Environmental Fallout Dust Monitoring Equipment and Devices

DustWatch CC - South Africa

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Fallout Dust Monitoring Practical and Theoretical Training - 1 or 2 day Training Course - Contact us for more information
Courses run in the 1st and 3rd week of each month as required.

The fallout dust monitoring section of the course aims to train the trainees so that they are able to do the following.




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Course Time Table for Two Day Dust Monitoring Equipment Training.

Day 1 

08:45        Registration
09:00        Welcome and Who is Who
09:15        Introduction to Environmental Monitoring - Fallout Dust
09:45        Discussion and Comments
10:00        What is precipitant Dust - Fallout Dust.
10:45        Discussion and Comments
11:00        Break
11:15        How to collect Fallout Dust
12:00        Discussion and comments
12:15        Particle Size and settling velocity.
13:00        Lunch
13:45        How to Calculate fallout dust results and Interpretation of the results.
14:30        Discussion and Comments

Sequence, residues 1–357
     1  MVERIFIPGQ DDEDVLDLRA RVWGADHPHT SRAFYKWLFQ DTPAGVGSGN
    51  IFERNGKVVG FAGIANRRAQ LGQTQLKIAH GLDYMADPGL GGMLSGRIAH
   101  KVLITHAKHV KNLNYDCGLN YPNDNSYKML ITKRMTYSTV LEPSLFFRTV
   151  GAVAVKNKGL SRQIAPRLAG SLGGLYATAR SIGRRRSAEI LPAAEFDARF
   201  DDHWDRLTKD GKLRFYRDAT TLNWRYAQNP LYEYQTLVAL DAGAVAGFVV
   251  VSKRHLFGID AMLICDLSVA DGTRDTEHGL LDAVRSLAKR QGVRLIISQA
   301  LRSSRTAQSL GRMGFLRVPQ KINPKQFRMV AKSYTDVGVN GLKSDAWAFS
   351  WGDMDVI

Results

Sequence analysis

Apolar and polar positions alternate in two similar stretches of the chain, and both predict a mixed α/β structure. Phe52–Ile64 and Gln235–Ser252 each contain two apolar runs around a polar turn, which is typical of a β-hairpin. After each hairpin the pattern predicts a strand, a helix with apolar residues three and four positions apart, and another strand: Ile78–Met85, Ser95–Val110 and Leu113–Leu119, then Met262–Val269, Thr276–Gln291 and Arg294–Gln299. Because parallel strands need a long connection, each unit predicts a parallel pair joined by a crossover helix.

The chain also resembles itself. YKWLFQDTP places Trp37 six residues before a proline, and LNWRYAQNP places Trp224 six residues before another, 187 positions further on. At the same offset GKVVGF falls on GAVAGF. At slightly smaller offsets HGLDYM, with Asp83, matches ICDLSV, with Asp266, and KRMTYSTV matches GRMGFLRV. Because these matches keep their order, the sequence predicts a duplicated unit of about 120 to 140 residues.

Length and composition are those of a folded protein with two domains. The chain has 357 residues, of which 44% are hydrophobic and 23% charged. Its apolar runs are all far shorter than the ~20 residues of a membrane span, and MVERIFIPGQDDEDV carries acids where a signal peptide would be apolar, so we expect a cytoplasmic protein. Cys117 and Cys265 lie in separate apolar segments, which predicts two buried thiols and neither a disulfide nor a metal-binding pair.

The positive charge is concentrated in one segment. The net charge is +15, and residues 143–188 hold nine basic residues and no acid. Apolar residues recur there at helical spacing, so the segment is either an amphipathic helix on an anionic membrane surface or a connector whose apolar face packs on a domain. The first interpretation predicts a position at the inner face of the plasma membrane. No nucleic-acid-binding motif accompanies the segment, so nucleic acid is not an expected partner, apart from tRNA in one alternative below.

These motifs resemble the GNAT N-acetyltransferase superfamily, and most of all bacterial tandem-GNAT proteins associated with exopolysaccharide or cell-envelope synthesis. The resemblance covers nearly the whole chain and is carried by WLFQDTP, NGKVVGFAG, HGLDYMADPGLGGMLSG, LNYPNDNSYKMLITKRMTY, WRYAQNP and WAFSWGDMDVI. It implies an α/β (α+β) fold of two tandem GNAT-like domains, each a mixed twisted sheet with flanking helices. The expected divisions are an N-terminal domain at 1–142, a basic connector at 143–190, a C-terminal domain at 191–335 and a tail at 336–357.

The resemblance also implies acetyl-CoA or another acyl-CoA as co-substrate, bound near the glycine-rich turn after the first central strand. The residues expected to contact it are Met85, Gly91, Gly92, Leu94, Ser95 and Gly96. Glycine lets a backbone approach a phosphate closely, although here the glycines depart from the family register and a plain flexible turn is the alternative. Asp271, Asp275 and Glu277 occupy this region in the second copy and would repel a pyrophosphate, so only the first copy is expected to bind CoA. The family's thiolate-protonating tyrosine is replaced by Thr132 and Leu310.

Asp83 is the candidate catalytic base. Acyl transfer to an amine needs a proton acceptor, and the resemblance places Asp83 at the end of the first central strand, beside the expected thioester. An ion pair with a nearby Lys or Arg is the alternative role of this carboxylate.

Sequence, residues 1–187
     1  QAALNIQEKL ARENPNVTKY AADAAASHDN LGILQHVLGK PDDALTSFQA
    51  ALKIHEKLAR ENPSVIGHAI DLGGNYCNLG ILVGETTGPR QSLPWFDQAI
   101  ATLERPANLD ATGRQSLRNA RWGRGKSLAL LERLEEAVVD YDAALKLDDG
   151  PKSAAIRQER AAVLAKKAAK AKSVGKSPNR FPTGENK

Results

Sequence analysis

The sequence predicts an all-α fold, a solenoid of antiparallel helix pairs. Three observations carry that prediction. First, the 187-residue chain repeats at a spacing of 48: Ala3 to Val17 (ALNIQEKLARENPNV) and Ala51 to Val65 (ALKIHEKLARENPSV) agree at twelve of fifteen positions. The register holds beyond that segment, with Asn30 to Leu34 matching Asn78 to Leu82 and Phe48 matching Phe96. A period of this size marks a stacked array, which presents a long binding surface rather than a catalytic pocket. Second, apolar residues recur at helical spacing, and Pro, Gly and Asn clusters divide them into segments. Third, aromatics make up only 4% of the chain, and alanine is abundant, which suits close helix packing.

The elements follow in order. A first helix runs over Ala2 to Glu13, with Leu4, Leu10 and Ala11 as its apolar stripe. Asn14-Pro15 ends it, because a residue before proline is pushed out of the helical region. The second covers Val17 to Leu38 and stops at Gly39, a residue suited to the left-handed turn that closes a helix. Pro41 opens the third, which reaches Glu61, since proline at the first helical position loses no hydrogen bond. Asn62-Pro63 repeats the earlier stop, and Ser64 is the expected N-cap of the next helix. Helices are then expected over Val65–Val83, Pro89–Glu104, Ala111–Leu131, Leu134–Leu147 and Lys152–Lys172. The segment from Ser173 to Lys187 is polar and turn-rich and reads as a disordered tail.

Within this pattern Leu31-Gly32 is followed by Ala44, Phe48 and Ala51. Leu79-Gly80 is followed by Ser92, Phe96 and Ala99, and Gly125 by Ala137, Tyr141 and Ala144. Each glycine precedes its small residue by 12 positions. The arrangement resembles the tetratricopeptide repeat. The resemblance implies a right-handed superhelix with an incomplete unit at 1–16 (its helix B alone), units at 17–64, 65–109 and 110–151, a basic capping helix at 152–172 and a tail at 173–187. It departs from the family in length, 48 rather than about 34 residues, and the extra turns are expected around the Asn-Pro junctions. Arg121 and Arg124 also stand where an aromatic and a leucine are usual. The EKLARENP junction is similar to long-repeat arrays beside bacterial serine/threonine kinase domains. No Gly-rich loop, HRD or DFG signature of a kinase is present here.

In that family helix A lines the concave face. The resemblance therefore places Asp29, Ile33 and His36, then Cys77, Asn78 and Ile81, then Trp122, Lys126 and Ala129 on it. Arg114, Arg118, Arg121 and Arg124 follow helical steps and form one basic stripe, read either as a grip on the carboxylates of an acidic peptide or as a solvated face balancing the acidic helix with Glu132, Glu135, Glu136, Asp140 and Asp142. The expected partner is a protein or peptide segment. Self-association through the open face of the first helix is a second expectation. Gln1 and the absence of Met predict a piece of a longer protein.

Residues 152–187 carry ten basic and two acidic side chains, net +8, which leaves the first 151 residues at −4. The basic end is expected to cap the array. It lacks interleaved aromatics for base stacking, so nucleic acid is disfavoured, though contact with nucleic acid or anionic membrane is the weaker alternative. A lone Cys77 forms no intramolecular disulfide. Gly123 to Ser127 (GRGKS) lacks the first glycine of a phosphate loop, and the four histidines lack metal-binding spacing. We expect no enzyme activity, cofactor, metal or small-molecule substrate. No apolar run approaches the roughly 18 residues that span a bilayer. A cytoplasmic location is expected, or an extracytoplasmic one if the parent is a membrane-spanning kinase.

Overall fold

14:45        Trace Element Analysis and Fingerprinting
15:15        Break
15:30        Microscanning
16:00        General Discussion time and practical examples
17:00                End

Possible other topics for discussion:

               PM 10 discussion
               Relation of Fallout dust to PM10

Day 2 

09:00        Welcome and Names
09:15        Practical training of bucket changes and filtering procedure.
11:00        Break
11:15        Report writing and presentation options for the results will also be discussed. 
                Computer training as required.  Any aspects of computer training can be discussed.  Computer
                skills are important for performing tasks efficiently when using a computer.
13:00        Lunch
13:45        Access to our software for processing of the fallout dust data will also be included after the
                course.  This can be used to simplify the data collection and report writing and will also provide a
                database of the fallout dust levels over the years.
                If time allows, other aspects can be discussed to suit the specific requirements of the people
                being trained.
16:00        Discussion and Comments
16:30        Attendance Documentation

Course Handout - Updated August 2010


Looking up at the sky, we would never guess that our atmosphere contains between one and three billion tons of dust and other particles at any given time. Wind assists in keeping this dust airborne, but gravity wins most of the time, forcing the dust particles earthward, proving the old adage: what goes up, must come down.

Dust comes from many different sources. Some, like the byproducts of the combustion of fossil fuels, are man-made. Others